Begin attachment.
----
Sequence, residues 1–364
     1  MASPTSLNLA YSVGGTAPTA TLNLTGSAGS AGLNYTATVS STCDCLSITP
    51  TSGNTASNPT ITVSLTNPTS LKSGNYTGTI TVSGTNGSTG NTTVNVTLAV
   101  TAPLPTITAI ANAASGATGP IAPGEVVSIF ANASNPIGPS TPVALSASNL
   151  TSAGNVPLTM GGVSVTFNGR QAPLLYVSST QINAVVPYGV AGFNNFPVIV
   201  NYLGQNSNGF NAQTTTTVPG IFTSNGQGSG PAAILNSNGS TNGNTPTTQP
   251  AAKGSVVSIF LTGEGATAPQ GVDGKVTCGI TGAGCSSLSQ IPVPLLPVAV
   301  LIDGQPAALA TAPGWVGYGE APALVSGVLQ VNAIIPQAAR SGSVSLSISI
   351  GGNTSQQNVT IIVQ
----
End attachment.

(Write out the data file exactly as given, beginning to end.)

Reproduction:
Sequence, residues 1–364
     1  MASPTSLNLA YSVGGTAPTA TLNLTGSAGS AGLNYTATVS STCDCLSITP
    51  TSGNTASNPT ITVSLTNPTS LKSGNYTGTI TVSGTNGSTG NTTVNVTLAV
   101  TAPLPTITAI ANAASGATGP IAPGEVVSIF ANASNPIGPS TPVALSASNL
   151  TSAGNVPLTM GGVSVTFNGR QAPLLYVSST QINAVVPYGV AGFNNFPVIV
   201  NYLGQNSNGF NAQTTTTVPG IFTSNGQGSG PAAILNSNGS TNGNTPTTQP
   251  AAKGSVVSIF LTGEGATAPQ GVDGKVTCGI TGAGCSSLSQ IPVPLLPVAV
   301  LIDGQPAALA TAPGWVGYGE APALVSGVLQ VNAIIPQAAR SGSVSLSISI
   351  GGNTSQQNVT IIVQ